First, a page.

50. In this state, the lenses cannot capture or direct sunlight such that it could be used for any purpose that Congress intended to encourage through tax deductions or credits.
51. The vast majority of lenses purportedly sold – if they even exist – have not been mounted. Defendants claim the lenses are in storage.
So many signs and wonders. We’ll just note that there is no deduction for an asset unless it’s “placed in service,” which is not the same thing as “placed in storage.”
Tax benefits are all that make the deal profitable. The injunction request says that the investors will get a small annual payment for the use of the lenses, but that the IRS says doesn’t actually get paid. The promotional material instead focuses on the ability to “zero out” taxes, according to the complaint.
Implausibility. Really, if somebody has a revolutionary technology, what’s more likely: that they would find venture capital to ramp it up and syndicate the tax benefits to large investors, or that they would finance it $105 at a time via multi-level marketing?
The web site for at least one defendant company remains up, so you can check it out for yourself. But when pondering the signs and wonders touted by someone with something to sell, always keep one scientific fact in mind: there is no tax fairy.
Paul Neiffer, Happy Thanksgiving and CRP reporting:
Roger McEowen of the Center for Agricultural Law and Taxation just posted a brief on whether you need to file a Form 8275 with your tax return if you are reporting CRP payments and not paying self-employment tax on the rents received. The Morehouse appeal was finalized last year in favor of the taxpayer. However, the IRS recently issued a non-acquiescence and asserts that it will assess self-employment tax on any CRP payments where the taxpayer is not receiving social security benefits even if they are passive landlord. Even though they did not appeal the Court’s decision, they still disagree with the Court (typical IRS).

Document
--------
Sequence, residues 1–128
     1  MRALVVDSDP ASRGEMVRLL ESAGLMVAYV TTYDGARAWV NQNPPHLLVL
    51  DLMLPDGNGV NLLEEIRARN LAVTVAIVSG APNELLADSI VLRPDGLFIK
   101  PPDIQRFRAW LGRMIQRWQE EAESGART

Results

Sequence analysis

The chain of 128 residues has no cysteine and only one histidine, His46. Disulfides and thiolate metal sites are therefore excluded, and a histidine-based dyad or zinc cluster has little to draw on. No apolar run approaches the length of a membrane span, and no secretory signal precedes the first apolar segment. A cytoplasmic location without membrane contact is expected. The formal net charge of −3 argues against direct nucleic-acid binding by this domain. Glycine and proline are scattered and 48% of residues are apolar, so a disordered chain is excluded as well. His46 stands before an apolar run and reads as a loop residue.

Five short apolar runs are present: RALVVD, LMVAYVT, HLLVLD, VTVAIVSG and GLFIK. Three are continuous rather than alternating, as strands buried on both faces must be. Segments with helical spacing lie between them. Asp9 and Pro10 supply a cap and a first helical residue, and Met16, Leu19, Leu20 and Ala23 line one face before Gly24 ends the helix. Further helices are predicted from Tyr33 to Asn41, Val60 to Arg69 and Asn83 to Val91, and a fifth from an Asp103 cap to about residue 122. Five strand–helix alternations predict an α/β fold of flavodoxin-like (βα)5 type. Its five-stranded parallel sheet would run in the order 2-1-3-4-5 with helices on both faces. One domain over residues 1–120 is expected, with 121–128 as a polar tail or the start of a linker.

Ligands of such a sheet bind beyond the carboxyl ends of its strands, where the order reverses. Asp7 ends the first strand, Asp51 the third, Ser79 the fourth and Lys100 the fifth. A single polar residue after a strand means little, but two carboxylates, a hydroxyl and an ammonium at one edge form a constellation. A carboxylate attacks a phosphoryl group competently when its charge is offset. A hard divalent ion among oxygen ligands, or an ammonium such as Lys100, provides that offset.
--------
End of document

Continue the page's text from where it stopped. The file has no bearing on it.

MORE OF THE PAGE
Roger does a good job of breaking down the details of the issue and provides guidance on whether you need to file the form or not.
I agree with Roger that the IRS is wrong in imposing self-employment tax on non-farmers. I am more willing to disclose than Roger, and I think preparers should discuss disclosure with clients.
Russ Fox, De Minimis Rule Change Is Better than I First Thought. “Normally when you read something that’s from the IRS, you expect to find ‘gotchas.'”
William Perez, Year-End Tax Planning Tips for Investors
Robert D. Flach, FINE WHINE! “Forced ethics CPE will not reduce tax fraud!”
Alan Cole, Universal Savings Accounts Introduced in Congress (Tax Policy Blog). “The bill, sponsored by Senator Jeff Flake and Representative Dave Brat, would allow Americans age 18 or older to open an account to which they could contribute $5,500 of after-tax money. The money could be invested in bonds and equities, and grow tax free.”
Renu Zaretsky, On Highways and Tax Bases. Today’s TaxVox headline roundup covers efforts to pass an elusive permanent highway funding bill, among other things.
TaxProf, The IRS Scandal, Day 931, Day 932,Day 934, Day 935. Day 934 is probably the best of this holiday weekend’s crop, with discussion of the systematic weakening of inspectors general by the administration. “Last year, 47 of the nation’s 73 federal IGs signed an open letter decrying the Obama administration’s stonewalling of their investigations.”
Robert Wood, Wesley Snipes Sues IRS Over Abusive $17.5M Tax Bill, False Promise Of ‘Fresh Start’. Mr. Snipes has not previously shown good skill with the tax law, and I don’t think he’s starting now.